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After the Orthodox Baptistery, I headed over to the neighboring Archiepiscopal Museum, which was probably the most deserted of all of the sites I visited (I found out that the few friends who have been to Ravenna, none of them actually went to the museum, haha) and that is just too bad. The museum houses the material collection of Ravenna’s cathedral and lord, is it impressive. It includes a lapidarium (stones! usually inscriptions), episcopal regalia and ornaments. BUT the icing on the proverbial cake is the Chapel of San’Andrea and its mosaics (built during the time of Theodoric) and the Ivory Throne of Maximian, pictured above. The bishop’s cathedra is made of so many pieces of ivory (:( poor elephants and rhinossss) that are so intricately carved it took my breath away. Literally no one else came in the room while I was there. A few folks stuck their head in and looked at the chair like “why does this old chair have its own room?”

After lunch and getting a little lost, I went to Sant’Apollinare Nuovo, the last of the churches included on my ticket. By this point, I was SUPER tired and the cobblestones had done a number on my ankle. So few people came to Sant’Apollinare Nuovo (there was one group there while I was) and I was the only person under 50. I definitely was starting to get a little saturated. It’s a term I came up with to refer to what happens after my brain has gotten overstimulated by what I’m seeing. It’s not that I’m not excited or entranced by what I’m seeing, but that sponge that is my brain has reached maximum saturation. It had been dipped into much art-historical liquid to fully retain anything else very well. I took a break for a while at a coffeeshop that was SUPER modeled after an American coffeeshop (I chose it for location) and wrote postcards.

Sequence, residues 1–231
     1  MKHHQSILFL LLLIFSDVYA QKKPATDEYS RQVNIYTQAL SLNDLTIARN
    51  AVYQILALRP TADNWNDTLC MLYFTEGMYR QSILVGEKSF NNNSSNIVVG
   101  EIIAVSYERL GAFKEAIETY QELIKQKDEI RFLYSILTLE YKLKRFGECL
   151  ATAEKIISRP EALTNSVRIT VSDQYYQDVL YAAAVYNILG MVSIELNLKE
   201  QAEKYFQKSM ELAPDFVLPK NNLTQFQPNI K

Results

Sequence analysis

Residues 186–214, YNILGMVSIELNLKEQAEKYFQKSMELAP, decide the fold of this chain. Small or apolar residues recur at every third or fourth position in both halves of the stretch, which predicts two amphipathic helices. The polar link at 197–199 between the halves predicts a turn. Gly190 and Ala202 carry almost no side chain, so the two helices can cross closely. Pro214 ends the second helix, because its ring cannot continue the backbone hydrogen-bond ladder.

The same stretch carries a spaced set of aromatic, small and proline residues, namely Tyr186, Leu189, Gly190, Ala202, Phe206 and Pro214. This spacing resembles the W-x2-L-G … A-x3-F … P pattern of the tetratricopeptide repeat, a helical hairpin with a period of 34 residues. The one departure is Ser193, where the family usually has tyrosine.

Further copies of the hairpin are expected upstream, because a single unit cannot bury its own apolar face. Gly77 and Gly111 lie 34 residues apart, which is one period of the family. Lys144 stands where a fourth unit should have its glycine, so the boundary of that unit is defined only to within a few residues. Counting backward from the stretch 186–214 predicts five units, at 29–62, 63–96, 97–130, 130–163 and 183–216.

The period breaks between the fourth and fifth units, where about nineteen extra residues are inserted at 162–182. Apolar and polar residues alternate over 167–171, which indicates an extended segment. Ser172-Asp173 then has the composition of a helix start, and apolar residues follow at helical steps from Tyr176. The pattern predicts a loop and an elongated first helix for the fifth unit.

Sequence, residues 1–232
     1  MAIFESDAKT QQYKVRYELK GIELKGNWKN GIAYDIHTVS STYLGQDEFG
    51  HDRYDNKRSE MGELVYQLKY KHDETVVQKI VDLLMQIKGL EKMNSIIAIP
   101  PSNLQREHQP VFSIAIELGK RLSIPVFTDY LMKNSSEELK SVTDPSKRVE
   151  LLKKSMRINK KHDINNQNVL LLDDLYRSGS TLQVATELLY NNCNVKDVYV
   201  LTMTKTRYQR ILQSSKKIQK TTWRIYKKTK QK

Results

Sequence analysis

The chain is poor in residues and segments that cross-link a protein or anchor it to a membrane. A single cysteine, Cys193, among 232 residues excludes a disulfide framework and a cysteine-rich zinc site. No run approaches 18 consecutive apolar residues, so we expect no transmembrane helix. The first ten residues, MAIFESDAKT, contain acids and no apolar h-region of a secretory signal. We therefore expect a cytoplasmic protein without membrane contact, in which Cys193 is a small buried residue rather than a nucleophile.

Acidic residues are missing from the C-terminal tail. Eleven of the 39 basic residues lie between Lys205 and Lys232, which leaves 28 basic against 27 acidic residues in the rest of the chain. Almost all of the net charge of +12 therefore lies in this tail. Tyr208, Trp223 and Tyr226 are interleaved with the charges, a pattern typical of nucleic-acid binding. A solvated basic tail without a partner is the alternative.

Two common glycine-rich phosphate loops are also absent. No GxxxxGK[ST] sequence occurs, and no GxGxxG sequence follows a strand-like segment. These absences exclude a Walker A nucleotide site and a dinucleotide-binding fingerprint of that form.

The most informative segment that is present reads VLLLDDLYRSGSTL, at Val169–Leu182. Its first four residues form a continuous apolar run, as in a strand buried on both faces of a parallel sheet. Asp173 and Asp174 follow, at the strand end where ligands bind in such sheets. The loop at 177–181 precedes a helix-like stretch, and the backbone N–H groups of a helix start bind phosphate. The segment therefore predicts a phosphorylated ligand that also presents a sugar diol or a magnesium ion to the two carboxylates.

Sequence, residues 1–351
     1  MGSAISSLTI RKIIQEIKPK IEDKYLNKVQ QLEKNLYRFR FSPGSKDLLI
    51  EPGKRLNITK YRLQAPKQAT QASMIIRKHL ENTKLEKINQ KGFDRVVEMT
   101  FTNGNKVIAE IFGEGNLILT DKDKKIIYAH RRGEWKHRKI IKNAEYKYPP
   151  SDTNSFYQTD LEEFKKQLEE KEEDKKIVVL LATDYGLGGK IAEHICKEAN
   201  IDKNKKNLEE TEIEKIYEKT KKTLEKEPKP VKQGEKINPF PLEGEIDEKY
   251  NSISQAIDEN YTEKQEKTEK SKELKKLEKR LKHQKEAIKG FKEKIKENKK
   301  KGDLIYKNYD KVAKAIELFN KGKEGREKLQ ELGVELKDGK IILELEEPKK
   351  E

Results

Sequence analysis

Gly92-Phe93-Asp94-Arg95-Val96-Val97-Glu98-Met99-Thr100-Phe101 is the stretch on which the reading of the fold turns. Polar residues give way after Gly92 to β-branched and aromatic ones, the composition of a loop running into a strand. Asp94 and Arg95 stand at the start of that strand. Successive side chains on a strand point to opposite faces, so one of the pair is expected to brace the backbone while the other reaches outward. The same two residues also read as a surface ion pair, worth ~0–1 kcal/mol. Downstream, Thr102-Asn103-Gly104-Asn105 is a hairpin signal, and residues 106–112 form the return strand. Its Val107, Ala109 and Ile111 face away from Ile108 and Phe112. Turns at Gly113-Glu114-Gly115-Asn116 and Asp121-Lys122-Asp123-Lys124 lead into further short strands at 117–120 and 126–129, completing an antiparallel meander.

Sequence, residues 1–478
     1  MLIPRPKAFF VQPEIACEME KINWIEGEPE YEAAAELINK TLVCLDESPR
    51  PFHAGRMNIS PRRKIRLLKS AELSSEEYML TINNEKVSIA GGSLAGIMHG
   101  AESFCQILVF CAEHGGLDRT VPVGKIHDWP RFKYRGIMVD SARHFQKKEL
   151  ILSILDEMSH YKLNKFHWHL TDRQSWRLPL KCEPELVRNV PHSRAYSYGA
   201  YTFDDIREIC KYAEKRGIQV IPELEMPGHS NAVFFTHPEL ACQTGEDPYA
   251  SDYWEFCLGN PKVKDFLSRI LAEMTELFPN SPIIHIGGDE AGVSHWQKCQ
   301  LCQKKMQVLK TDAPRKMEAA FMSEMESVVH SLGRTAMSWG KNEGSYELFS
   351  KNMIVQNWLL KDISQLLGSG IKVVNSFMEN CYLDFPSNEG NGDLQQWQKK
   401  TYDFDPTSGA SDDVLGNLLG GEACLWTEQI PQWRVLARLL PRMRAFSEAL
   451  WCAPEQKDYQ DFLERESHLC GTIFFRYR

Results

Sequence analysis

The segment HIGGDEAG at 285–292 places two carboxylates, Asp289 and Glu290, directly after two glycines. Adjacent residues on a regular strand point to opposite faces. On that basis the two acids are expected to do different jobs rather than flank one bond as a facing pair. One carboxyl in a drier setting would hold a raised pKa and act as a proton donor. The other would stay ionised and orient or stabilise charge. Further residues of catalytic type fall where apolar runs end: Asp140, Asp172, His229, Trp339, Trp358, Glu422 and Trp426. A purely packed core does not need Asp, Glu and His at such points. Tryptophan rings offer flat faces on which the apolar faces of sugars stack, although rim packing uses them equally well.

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The last stop was the Arian Baptistery, which I got to see for free. I had it all to myself (besides the very uninterested guard who was playing on her iPad). I didn’t stay super long, just looked my fill at the dome and then headed on my way.

My brief, one full day in Ravenna was just long enough to see nearly everything I wanted to see. I did not get out to see Sant’Apollinare in Classe (it’s a few miles out from downtown), not technically in Ravenna, but in the town of Classe. I walked past, but did not stop at Dante’s tomb (bad girl); I was on a mission that had nothing to do with 13th-century poets. I ate a lot of good food and gelato, and saw nearly all of the requisite late-antique sites, and checked a giant item off my bucket list.

Take my word for it. If you have even a small appreciation for art and history and you’re in north-ish Italy, take a few days and a few extra train trips and say hello to this city that holds so many critical art historical masterpieces that are not visited nearly enough.

Planning the Second Time Around*

OLYMPUS DIGITAL CAMERAI have been putting off replanning my Eurotrip (previously Eurotrip 2016, now Eurotrip 2.0 or Eurotrip 2017). I think it’s pretty obvious why it has been hard. BUT, I finally did the biggest thing necessary and purchased my tickets for Eurotrip 2017. My plane tickets are booked.

My last two visits to France have both been important milestones.